The maximum take-off weight for the A380 will increase to 575t, which is a 6t increase on the current heaviest variant. Airbus stated that it will stretch the range of the A380 double-deck aircraft by some 150nm, increasing its capability to around 15,500km (8,350nm) at current payloads. The higher-weight version A380 will include a 3t increase in maximum zero-fuel weight and maximum landing weight, resulting in a 3t increase in payload.
Engine Alliance, a company dedicated to designing and producing the most technically advanced and compatible engine for the Airbus A380, will supply a higher-thrust version of its GP7200 powerplant to support the A380 higher-weight version. Airbus said that they selected this engine, known as GP7272, for its power. Rated at 72,000lbs (320kN), the engine provides 2,000lb of extra thrust compared with the current GP7200. The GP7272 will be ready for service in early 2013.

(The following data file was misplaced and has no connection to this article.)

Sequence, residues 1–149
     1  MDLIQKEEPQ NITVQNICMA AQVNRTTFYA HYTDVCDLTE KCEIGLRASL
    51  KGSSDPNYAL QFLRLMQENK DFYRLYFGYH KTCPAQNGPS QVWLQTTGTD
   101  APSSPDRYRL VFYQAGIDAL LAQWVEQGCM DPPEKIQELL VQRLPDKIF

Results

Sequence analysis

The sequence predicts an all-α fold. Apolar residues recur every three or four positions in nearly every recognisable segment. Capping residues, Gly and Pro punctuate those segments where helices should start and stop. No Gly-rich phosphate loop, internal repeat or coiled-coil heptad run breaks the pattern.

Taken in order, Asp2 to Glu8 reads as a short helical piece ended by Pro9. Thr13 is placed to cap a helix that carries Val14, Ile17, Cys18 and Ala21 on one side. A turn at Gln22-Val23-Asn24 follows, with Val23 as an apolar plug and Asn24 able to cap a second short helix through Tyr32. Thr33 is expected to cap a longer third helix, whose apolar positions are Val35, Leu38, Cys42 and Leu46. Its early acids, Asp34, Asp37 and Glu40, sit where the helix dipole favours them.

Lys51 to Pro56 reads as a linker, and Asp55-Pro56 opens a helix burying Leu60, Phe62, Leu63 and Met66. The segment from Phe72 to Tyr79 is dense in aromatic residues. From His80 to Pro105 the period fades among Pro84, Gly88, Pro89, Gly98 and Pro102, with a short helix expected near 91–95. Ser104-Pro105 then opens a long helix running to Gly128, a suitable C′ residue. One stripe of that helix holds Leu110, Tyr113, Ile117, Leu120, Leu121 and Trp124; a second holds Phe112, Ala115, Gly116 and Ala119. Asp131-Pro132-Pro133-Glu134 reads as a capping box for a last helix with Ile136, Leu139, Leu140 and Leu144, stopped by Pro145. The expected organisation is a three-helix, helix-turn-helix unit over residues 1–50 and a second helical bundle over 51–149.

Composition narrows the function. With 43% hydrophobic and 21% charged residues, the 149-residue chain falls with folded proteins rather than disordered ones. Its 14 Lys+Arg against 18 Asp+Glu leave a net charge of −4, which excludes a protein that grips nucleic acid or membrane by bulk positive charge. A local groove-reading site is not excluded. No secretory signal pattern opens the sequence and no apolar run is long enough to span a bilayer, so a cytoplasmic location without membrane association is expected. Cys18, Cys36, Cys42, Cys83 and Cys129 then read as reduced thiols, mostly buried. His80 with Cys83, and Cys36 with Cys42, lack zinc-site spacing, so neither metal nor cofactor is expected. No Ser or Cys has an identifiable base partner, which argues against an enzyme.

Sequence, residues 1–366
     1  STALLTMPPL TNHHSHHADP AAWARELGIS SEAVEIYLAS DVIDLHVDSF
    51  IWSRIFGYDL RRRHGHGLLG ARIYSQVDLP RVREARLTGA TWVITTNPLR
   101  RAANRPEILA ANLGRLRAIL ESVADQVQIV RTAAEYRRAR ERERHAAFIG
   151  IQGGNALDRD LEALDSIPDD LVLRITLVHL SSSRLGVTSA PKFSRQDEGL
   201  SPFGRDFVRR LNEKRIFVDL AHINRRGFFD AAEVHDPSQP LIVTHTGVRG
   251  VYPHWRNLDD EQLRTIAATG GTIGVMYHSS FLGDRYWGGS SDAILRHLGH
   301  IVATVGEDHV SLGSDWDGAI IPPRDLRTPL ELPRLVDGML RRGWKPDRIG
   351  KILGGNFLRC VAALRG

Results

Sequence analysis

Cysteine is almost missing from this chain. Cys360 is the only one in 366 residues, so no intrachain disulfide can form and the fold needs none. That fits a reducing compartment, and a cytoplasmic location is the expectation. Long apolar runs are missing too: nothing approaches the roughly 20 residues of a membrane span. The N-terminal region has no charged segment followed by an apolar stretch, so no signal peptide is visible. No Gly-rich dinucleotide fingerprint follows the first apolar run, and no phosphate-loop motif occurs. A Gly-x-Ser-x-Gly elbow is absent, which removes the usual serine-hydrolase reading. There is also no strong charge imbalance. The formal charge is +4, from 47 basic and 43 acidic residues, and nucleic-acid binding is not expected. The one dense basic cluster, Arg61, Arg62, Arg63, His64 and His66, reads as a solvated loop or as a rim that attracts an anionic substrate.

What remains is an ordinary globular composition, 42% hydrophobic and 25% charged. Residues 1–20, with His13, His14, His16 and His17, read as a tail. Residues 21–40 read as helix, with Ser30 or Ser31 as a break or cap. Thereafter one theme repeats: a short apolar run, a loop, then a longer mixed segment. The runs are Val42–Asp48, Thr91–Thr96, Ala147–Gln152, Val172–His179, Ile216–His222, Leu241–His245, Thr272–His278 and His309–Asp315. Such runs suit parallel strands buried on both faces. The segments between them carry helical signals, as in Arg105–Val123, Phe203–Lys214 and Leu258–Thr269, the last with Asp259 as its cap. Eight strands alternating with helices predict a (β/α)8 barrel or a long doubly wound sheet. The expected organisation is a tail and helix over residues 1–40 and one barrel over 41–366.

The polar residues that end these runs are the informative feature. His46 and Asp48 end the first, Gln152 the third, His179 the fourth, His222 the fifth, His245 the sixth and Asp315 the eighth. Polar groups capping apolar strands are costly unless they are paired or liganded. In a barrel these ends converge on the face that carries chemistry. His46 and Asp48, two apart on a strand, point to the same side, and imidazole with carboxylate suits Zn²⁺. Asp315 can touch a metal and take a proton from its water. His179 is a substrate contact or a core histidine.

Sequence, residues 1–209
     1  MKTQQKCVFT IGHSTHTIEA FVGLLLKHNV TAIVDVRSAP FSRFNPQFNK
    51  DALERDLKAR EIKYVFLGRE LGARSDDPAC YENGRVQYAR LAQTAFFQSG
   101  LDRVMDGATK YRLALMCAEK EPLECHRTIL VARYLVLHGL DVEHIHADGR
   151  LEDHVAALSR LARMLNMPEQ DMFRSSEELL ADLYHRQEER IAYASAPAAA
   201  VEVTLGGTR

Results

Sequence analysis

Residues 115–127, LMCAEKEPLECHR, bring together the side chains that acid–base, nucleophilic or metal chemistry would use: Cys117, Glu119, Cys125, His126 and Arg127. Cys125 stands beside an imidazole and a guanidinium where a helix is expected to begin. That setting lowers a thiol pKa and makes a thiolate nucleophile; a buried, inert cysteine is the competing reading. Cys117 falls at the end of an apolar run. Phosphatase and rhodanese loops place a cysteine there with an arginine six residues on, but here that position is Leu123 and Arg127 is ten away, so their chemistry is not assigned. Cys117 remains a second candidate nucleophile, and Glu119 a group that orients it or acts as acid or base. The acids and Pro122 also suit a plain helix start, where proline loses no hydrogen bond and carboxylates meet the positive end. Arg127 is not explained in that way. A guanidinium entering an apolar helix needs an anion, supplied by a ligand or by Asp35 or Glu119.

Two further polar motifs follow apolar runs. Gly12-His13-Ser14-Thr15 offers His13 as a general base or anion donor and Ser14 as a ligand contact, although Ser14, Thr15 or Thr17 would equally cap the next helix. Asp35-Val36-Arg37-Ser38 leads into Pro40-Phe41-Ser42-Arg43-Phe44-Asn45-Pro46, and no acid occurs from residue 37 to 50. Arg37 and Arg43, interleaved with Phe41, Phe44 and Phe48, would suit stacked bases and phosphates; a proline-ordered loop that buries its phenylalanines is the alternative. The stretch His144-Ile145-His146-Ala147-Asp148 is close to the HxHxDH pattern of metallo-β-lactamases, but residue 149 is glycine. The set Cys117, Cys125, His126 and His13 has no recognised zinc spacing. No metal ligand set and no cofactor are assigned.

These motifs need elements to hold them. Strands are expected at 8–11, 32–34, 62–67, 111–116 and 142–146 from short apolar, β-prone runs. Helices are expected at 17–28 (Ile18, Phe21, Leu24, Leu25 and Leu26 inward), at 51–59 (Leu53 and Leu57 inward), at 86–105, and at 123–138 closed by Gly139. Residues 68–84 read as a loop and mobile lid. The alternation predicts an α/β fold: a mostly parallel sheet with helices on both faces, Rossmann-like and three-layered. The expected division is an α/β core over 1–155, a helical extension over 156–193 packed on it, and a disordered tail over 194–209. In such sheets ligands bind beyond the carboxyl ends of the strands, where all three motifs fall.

Although Engine Alliance is offering the GP7272 to its Airbus A380 customers, no one has selected it yet. The powerplant manufacturer confirmed that Qatar Airways, a Middle Eastern operator, has chosen the GP7200 for its ten A380s. Engine Alliance stated that it has about 600 orders for the GP7200, and holds nearly 60% market share of total engine orders for the A380. Other airline operations that have purchased GP7200 from Engine Alliance include Air France, Korean Air, Emirates, Air Austral and Etihad Airways.
In the mean time, Rolls-Royce, a key competitor in this market, pointed out that it is already well positioned for a higher-weight A380 as its Trent 900 has been operating at 72,000lb thrust for four years. Qantas, Lufthansa, Singapore Airlines and China Southern are the four airlines that currently operate the Rolls-Royce Trent 900.